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Endocrine

, Volume 63, Issue 1, pp 112–119 | Cite as

Adult individuals with congenital, untreated, severe isolated growth hormone deficiency have satisfactory muscular function

  • Alana L Andrade-Guimarães
  • Manuel H Aguiar-Oliveira
  • Roberto Salvatori
  • Vitor O. Carvalho
  • Fabiano Alvim-Pereira
  • Carlos R. Araújo Daniel
  • Giulliani A. Moreira Brasileiro
  • Ananda A Santana-Ribeiro
  • Hugo A. Santos-Carvalho
  • Carla R. P. Oliveira
  • Edgar R Vieira
  • Miburge B Gois-Junior
Original Article
  • 56 Downloads

Abstract

Purpose

While growth hormone (GH) and the insulin-like growth factor type I (IGF-I) are known to exert synergistic actions on muscle anabolism, the consequences of prolonged GH deficiency (GHD) on muscle function have not been well defined. We have previously described a large cohort of subjects with isolated GHD (IGHD) caused by a mutation in the GH-releasing hormone receptor gene, with low serum levels of GH and IGF-I. The aim of this study was to assess muscular function in these IGHD subjects.

Methods

A total of 31 GH-naïve IGHD (16 males) and 40 control (20 males) subjects, matched by age and degree of daily physical activity, were enrolled. Fat free mass was measured by bioelectrical impedance; muscle strength by dynamometry of handgrip, trunk extension, and knee extension; myoelectric activity and muscle fatigue by fractal dimension; conduction velocity in vastus medialis, rectus femoris, and vastus lateralis muscles by surface electromyography.

Results

The IGHD group showed higher knee extension strength both when corrected for weight and fat free mass, and higher handgrip and trunk extension strength corrected by fat free mass. They also exhibit higher conduction velocity of the muscles vastus medialis, rectus femoris, and vastus lateralis, but lower free fat mass and myoelectric activity of the vastus medialis, rectus femoris and vastus lateralis. There were no differences between the two groups in fractal dimension in all studied muscles.

Conclusion

Individuals with untreated IGHD have better muscle strength parameters adjusted for weight and fat free mass than controls. They also exhibit greater peripheral resistance to fatigue, demonstrating satisfactory muscle function.

KeyWords

GH; IGF-I GHRH receptor Dynamometry Muscle function 

Notes

Acknowledgements

The authors thank the Associação do Crescimento Físico e Humano de Itabaianinha, for assistance.

Funding

This work was not supported by public or private funds.

Compliance with ethical standards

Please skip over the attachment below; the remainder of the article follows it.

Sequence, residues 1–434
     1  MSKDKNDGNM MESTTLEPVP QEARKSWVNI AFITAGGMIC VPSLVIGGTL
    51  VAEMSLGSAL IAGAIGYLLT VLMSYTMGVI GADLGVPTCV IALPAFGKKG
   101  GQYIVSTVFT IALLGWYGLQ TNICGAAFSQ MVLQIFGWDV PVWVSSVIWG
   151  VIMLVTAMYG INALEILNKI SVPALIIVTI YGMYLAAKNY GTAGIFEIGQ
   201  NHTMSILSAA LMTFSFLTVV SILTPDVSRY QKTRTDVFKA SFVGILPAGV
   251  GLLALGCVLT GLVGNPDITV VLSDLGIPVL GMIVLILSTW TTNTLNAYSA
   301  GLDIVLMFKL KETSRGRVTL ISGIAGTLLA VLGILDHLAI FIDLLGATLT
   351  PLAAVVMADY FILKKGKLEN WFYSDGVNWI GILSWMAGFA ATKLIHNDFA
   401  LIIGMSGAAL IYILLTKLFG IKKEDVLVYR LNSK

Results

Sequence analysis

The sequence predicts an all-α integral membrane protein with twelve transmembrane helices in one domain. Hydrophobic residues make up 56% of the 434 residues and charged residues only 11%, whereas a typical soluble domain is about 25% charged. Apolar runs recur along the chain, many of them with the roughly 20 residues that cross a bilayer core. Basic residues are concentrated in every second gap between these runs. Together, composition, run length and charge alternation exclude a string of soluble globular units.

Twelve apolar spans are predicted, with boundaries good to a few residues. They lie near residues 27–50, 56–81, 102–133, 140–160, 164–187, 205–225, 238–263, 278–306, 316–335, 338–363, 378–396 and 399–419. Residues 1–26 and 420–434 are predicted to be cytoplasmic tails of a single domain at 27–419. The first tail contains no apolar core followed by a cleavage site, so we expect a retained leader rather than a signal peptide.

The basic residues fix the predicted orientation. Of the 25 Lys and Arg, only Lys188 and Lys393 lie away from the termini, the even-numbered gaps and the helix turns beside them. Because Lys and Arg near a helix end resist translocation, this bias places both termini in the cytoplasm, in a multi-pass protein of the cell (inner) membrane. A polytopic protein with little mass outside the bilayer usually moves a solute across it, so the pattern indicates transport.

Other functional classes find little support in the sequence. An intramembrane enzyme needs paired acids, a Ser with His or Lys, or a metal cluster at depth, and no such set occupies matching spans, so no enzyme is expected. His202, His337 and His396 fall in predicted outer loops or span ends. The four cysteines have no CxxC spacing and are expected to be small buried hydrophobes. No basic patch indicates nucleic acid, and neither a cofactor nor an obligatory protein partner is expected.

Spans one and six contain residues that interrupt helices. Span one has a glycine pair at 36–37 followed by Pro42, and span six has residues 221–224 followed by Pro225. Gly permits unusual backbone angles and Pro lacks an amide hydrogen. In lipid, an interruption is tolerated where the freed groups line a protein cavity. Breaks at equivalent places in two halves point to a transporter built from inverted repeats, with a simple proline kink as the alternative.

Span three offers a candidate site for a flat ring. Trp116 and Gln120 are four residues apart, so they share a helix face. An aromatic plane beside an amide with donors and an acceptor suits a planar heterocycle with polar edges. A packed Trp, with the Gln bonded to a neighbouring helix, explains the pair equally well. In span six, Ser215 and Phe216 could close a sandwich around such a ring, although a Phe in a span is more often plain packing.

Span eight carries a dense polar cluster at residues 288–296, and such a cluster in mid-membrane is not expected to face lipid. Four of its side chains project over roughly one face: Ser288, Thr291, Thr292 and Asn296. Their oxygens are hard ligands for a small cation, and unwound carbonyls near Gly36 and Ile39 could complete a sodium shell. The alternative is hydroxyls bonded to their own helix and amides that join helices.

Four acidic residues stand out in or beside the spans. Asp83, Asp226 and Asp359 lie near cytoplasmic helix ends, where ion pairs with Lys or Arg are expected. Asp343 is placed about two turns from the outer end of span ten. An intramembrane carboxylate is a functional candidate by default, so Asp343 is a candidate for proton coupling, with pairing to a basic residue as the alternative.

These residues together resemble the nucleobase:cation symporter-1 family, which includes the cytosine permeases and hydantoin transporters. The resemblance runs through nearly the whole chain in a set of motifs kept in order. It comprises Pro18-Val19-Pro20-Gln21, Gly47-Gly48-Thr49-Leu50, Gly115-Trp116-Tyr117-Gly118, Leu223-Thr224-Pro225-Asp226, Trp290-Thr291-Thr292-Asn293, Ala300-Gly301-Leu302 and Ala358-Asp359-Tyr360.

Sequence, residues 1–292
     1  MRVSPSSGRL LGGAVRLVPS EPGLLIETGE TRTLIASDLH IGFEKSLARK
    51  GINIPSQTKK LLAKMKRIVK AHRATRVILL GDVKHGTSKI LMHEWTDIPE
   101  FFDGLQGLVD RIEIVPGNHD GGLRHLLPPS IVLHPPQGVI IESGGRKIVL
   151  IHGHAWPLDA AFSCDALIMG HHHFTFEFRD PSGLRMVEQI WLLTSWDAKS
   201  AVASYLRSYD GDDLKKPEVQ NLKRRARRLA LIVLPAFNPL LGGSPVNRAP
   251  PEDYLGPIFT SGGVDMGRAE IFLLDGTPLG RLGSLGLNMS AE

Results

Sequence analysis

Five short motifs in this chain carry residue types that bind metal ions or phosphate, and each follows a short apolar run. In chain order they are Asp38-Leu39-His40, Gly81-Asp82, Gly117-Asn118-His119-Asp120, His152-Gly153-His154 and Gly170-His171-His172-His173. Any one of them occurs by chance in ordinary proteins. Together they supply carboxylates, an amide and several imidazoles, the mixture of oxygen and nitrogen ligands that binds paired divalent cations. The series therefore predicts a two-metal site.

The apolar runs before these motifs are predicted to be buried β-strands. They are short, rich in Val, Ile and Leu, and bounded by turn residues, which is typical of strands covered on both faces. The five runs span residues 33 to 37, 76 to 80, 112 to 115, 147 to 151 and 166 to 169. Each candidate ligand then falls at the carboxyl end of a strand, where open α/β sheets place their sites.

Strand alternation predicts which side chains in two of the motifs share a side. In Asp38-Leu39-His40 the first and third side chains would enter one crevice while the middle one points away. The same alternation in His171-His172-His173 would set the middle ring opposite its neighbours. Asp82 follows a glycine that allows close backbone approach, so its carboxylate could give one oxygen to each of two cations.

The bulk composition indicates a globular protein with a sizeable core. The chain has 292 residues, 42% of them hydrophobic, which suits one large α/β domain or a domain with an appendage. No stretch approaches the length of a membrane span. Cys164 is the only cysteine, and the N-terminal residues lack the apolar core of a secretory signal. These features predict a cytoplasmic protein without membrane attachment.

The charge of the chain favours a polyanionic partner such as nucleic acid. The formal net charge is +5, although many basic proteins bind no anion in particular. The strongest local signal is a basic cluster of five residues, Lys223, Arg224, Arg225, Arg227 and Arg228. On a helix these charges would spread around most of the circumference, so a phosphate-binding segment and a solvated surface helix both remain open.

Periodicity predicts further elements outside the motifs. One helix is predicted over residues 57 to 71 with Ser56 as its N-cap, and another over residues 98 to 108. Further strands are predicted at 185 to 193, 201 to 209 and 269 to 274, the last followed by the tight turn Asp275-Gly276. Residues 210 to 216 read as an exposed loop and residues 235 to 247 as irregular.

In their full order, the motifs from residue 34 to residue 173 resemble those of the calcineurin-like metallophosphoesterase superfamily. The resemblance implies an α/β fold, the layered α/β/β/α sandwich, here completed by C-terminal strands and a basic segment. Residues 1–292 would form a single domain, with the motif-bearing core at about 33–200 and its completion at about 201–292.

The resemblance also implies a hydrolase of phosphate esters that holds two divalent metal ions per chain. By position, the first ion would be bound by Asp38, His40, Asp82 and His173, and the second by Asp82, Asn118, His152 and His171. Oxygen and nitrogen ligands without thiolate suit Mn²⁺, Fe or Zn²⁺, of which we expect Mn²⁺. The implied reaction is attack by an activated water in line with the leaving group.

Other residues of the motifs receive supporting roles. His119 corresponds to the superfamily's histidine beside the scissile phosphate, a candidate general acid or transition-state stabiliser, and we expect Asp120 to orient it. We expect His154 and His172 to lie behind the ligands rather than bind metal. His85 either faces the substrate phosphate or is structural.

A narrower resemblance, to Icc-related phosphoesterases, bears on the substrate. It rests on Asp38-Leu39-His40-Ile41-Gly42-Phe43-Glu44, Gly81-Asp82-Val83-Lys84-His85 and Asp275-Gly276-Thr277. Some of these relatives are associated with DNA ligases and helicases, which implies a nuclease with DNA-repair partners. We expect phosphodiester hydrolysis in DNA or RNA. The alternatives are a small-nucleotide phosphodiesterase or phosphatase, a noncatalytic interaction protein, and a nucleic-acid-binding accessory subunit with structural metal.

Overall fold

Ethical approval

All procedures performed in studies involving human participants were in accordance with the ethical standards of the institutional and national research committee and with the 1964 Helsinki declaration and its later amendments or comparable ethical standards.

Conflict of interest

The authors declare that there is no conflict of interest.

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Copyright information

© Springer Science+Business Media, LLC, part of Springer Nature 2018

Authors and Affiliations

  • Alana L Andrade-Guimarães
    • 1
    • 2
  • Manuel H Aguiar-Oliveira
    • 3
  • Roberto Salvatori
    • 4
  • Vitor O. Carvalho
    • 2
  • Fabiano Alvim-Pereira
    • 1
  • Carlos R. Araújo Daniel
    • 5
  • Giulliani A. Moreira Brasileiro
    • 1
    • 2
  • Ananda A Santana-Ribeiro
    • 1
  • Hugo A. Santos-Carvalho
    • 1
  • Carla R. P. Oliveira
    • 3
  • Edgar R Vieira
    • 6
  • Miburge B Gois-Junior
    • 1
    • 2
    • 6
  1. 1.Laboratory of Motor Control and Body Balance, Center for Health Science ResearchFederal University of SergipeSergipeBrazil
  2. 2.Department of Physical Therapy and Post-Graduate Program in Health ScienceFederal University of Sergipe, The GREAT Group (GRupo de Estudos em ATividade física)SergipeBrazil
  3. 3.Division of EndocrinologyFederal University of SergipeAracajuBrazil
  4. 4.Division of Endocrinology, Diabetes and MetabolismThe Johns Hopkins University School of Medicine BaltimoreBaltimoreUSA
  5. 5.Department of Statistic and Actuarial SciencesFederal University of SergipeAracajuBrazil
  6. 6.Department of Physical Therapy and Neuroscience, Wertheims’College of Nursing and Health ScienceFlorida International UniversityFloridaUSA

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